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The receiver for imploded hedge fund manager Traynor Ridge Capital Inc. has named National Bank of Canada and JonesTrading Canada Inc. as “potential creditors” of the company.

Ernst & Young LLP says the two companies, not previously linked to Traynor Ridge Capital (TRC), are joined by Echelon Wealth Partners and Virtu Canada Corp. as creditors. EY says it cannot currently estimate the amounts the four are owed.

The Ontario Securities Commission (OSC) put a cease-trade order on Traynor Ridge in late October after the sudden death of its founder, owner and chief executive Christopher Callahan. The OSC said three investment dealers executed trades for Traynor Ridge, then could not collect payment for the securities. The OSC estimated at the time that the dealers have potential losses totalling approximately $85-million to $95-million.

The OSC then received court approval to appoint EY as a receiver to take control of the firm and its funds.

Court appoints receiver to take control of Traynor Ridge

EY noted Mr. Callahan was TRC’s sole director, officer and shareholder. “As the debtors have no other management, the receiver is still working to obtain all of the relevant books and records” and to identify all the creditors.

Virtu and Echelon emerged publicly as two of the three introducing brokers that executed Traynor Ridge’s trades. Virtu Canada Corp. sued Traynor Ridge, estimating it has losses of at least $5-million. And Echelon Wealth Partners Inc. placed a $30-million lien on the assets of Traynor Ridge, its funds and Mr. Callahan. Echelon CEO David Cusson told The Globe and Mail the lien covers the original value of the trades, not the losses incurred.

JonesTrading Institutional Services LLC, the Canadian company’s California-based parent, describes itself as a “highly differentiated independent broker dealer and investment bank providing a wide range of services” including multiple types of trading. A media representative for JonesTrading has not responded to multiple queries from The Globe starting in late October.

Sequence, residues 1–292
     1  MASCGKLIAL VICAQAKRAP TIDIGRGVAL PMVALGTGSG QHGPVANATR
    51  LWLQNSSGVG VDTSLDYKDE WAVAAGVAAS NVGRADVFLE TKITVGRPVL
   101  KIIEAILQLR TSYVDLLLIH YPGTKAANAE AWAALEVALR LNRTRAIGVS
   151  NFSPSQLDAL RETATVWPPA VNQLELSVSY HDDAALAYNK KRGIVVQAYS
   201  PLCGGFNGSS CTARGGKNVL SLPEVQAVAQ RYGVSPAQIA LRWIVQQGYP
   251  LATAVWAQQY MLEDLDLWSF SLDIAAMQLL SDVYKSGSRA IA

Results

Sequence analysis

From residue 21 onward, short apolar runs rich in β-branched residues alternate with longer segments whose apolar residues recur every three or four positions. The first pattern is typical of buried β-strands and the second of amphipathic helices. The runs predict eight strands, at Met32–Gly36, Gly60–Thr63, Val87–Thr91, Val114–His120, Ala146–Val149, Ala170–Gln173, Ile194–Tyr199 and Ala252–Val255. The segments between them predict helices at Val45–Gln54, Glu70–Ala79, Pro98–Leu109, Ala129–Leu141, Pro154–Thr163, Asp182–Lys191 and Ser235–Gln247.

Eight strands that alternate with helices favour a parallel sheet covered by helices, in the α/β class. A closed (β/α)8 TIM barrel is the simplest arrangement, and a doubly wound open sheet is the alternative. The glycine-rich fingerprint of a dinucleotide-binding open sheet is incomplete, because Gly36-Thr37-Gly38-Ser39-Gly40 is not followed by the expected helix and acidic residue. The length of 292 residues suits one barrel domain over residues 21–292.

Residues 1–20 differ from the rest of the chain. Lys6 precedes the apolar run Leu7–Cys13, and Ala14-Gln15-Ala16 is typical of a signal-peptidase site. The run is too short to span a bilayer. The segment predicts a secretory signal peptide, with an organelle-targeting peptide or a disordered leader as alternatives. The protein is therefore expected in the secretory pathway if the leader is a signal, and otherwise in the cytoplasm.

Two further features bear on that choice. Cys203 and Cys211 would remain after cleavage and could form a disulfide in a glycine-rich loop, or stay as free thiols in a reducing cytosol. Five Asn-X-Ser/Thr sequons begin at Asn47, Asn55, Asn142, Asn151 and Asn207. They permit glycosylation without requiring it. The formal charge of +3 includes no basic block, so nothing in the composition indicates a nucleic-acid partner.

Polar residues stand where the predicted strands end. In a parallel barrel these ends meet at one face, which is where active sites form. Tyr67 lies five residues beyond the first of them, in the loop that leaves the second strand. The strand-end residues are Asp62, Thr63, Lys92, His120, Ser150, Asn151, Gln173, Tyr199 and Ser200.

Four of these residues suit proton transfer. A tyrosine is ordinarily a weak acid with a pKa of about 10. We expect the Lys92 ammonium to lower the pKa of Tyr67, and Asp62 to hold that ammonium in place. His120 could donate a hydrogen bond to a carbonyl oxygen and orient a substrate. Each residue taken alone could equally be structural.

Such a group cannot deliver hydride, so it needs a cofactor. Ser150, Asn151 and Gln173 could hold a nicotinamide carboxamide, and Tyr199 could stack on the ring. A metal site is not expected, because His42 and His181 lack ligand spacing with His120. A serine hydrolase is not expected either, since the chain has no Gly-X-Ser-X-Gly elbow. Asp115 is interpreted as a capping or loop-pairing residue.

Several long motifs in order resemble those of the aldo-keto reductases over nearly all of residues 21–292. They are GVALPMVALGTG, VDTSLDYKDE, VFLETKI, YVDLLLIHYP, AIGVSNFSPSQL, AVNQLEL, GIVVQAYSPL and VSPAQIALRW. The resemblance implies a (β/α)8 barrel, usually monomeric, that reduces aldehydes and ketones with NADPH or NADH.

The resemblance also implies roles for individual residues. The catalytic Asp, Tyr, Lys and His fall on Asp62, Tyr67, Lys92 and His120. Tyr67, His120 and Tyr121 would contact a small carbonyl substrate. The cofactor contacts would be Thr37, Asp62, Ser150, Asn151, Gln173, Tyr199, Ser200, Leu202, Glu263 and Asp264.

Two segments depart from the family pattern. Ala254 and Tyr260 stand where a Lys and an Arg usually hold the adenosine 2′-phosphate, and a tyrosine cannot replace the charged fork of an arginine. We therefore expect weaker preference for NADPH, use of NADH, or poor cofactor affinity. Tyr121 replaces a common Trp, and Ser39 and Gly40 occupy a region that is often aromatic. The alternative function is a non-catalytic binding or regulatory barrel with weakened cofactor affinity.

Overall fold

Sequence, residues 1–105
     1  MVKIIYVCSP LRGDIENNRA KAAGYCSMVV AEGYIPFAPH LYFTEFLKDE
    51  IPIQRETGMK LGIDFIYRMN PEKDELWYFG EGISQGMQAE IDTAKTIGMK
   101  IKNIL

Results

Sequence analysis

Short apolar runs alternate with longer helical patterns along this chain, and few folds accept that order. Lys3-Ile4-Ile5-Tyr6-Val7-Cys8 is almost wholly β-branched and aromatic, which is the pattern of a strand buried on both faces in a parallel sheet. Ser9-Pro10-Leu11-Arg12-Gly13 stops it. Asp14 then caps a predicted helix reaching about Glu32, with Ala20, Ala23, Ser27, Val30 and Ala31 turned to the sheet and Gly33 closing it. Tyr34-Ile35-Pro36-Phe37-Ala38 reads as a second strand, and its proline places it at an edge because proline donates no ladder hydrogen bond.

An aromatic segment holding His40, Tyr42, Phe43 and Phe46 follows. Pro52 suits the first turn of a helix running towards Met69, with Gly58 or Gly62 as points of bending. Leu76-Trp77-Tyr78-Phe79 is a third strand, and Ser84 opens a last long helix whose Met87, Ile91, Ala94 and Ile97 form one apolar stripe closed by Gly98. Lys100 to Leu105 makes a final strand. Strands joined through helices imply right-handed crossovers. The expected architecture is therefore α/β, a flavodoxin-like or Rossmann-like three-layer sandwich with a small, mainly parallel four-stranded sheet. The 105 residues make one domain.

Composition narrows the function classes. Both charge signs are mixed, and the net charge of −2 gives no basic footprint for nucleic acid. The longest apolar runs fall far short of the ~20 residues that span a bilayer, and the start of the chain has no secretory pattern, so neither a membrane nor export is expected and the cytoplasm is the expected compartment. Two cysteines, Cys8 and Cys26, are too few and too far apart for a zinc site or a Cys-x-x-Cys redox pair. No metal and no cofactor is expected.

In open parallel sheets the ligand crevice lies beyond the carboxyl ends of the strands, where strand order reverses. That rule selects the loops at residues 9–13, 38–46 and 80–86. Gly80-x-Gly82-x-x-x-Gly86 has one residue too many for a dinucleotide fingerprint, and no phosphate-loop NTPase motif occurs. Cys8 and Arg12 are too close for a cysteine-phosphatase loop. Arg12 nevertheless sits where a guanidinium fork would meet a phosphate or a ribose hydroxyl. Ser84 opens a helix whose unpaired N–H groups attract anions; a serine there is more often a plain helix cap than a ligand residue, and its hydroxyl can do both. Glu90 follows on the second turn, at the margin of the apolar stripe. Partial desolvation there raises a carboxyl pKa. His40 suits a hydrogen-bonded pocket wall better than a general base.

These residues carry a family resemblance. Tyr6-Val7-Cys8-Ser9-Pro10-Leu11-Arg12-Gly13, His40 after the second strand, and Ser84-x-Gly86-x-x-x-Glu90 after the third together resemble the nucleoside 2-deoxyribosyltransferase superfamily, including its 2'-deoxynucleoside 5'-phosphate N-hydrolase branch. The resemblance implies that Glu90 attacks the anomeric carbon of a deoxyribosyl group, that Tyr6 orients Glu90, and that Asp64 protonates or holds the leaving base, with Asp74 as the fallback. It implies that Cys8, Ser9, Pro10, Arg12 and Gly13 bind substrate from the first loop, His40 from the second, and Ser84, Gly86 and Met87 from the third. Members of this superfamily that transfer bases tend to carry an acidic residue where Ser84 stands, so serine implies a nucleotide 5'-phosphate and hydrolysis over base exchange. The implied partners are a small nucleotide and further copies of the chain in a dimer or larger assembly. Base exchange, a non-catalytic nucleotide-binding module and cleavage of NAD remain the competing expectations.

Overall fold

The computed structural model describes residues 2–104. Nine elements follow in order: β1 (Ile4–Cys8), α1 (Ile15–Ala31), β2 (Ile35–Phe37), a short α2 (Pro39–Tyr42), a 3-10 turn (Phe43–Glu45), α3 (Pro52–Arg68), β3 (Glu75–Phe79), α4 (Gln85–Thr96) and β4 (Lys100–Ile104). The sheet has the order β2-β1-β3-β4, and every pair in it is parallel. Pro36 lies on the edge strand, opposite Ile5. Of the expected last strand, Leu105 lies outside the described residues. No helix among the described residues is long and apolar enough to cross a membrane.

National Bank’s role with Traynor Ridge is unclear. Matthieu Charest, a spokesperson for National Bank of Canada, declined to comment other than to say “any potential financial impact would be immaterial to the bank.”

The OSC, in its request for a court-appointed receiver, said CIBC World Markets and BMO Nesbitt Burns Inc. served as prime brokers for Traynor Ridge’s funds. In its lawsuit, Virtu said Traynor Ridge used prime brokerage accounts at CIBC and TD Securities Inc.

EY says it is in the process of taking possession of the property of Traynor Ridge and its funds and it has already frozen their bank and brokerage accounts.

Earlier this week, the OSC said it was extending the cease-trade order it imposed Oct. 30 to Feb. 8 of next year. In the staff’s application for the order, it noted OSC enforcement staff are investigating Traynor Ridge’s trading activities because a preliminary review “shows some trading without any change in beneficial or economic ownership.”

Mr. Callahan founded Traynor Ridge in 2020. He previously worked as an associate portfolio manager at HGC Investment Management Inc. and as an analyst at Echelon, the broker that filed the lien against Traynor Ridge. He graduated from Queen’s University in 2014.

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